Semyon Bychkov leans forward, thoughtfully stirring his Bloody Mary. When he speaks his voice cuts through the background noise of a Manhattan restaurant on a busy Friday night. “For Russians, Tchaikovsky is the god that Verdi is for the Italians,” he declares.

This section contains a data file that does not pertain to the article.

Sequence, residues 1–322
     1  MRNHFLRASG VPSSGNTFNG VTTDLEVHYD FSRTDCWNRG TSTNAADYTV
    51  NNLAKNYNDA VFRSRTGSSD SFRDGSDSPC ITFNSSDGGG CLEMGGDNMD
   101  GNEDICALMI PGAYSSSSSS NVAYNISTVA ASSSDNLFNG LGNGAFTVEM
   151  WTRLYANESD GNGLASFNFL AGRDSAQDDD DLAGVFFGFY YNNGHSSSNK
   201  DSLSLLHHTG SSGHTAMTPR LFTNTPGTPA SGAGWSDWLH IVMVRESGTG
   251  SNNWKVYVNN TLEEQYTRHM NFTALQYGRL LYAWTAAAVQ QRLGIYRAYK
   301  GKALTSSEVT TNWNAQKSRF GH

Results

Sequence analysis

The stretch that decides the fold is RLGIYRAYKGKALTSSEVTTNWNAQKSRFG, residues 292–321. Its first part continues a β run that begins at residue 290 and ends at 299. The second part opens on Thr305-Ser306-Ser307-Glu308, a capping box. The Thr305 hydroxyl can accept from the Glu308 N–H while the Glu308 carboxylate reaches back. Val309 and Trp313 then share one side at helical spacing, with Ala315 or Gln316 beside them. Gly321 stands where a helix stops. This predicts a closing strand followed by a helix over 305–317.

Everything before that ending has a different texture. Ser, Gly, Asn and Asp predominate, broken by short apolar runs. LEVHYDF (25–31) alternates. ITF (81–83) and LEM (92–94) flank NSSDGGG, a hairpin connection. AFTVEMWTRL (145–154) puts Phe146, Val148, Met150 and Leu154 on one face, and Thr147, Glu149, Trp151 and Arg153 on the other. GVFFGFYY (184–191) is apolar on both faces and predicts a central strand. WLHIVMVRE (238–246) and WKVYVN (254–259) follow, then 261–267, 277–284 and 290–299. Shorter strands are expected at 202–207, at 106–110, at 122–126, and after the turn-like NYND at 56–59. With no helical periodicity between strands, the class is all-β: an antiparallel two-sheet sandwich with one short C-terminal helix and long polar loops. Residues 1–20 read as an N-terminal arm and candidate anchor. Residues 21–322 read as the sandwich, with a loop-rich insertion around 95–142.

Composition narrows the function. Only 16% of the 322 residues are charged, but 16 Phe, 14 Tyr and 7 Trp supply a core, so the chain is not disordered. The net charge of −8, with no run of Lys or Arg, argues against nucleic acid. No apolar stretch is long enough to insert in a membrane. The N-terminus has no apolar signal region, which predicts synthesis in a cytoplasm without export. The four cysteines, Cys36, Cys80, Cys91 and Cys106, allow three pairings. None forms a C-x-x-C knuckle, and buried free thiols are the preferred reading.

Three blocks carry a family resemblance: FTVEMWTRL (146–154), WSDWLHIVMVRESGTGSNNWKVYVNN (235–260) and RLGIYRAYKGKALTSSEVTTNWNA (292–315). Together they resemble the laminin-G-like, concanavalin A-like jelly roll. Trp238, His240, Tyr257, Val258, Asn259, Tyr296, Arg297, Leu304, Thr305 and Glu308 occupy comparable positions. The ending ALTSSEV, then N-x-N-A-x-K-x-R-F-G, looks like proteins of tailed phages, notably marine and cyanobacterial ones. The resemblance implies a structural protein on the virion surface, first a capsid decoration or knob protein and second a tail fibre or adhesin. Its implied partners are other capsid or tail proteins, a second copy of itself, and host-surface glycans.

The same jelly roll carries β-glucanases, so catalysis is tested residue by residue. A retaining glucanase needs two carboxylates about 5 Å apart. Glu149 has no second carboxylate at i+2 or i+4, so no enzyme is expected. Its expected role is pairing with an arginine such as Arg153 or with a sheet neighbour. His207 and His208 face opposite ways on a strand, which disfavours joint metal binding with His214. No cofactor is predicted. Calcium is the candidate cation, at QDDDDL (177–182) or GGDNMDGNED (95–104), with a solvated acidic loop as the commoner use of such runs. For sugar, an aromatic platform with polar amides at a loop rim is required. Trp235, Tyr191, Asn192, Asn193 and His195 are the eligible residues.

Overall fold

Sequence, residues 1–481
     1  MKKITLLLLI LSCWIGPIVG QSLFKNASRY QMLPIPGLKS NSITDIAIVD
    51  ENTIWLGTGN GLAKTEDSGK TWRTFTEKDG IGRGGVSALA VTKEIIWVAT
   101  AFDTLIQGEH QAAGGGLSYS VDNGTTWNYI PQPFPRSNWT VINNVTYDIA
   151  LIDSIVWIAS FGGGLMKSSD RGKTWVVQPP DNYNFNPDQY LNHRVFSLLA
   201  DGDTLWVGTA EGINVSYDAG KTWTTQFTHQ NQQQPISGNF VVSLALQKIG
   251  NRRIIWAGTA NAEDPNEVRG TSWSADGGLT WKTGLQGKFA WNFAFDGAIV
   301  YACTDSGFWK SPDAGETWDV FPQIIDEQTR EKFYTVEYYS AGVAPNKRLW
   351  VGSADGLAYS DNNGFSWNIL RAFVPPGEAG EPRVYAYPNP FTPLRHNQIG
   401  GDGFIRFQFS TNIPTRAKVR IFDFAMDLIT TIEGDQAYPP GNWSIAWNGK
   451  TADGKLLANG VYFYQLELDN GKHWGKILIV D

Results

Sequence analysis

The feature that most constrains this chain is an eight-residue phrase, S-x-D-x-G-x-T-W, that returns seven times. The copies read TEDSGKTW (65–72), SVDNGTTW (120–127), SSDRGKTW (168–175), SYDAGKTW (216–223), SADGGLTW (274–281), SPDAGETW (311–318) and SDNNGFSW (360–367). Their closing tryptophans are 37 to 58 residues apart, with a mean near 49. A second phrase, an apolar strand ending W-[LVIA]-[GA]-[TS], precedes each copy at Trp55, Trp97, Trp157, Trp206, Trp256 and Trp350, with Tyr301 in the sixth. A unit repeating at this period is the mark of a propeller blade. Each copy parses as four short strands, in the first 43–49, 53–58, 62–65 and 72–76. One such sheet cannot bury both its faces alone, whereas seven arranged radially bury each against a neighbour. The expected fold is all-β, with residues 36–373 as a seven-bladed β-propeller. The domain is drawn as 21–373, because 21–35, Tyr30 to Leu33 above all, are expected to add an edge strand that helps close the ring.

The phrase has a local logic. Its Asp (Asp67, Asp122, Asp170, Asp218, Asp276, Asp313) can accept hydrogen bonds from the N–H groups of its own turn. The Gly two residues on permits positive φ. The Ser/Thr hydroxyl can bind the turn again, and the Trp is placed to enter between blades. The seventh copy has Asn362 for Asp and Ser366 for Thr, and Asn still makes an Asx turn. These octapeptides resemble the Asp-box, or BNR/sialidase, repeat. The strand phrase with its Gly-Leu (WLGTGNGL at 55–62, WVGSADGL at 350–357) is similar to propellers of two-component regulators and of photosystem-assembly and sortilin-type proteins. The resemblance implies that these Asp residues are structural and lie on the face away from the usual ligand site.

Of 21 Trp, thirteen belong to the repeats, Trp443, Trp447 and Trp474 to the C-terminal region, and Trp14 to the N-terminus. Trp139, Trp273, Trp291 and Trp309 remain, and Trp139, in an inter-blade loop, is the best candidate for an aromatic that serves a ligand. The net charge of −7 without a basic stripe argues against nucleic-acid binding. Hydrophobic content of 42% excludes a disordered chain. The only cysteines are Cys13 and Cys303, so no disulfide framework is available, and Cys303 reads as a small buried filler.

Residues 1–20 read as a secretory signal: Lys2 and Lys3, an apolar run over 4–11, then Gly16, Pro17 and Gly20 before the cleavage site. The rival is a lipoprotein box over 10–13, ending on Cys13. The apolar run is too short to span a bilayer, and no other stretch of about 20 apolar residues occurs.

“Why is it that an Italian will burst into tears at the name of Verdi? And why will a Russian’s eyes get moist the moment they hear a Tchaikovsky tune?...

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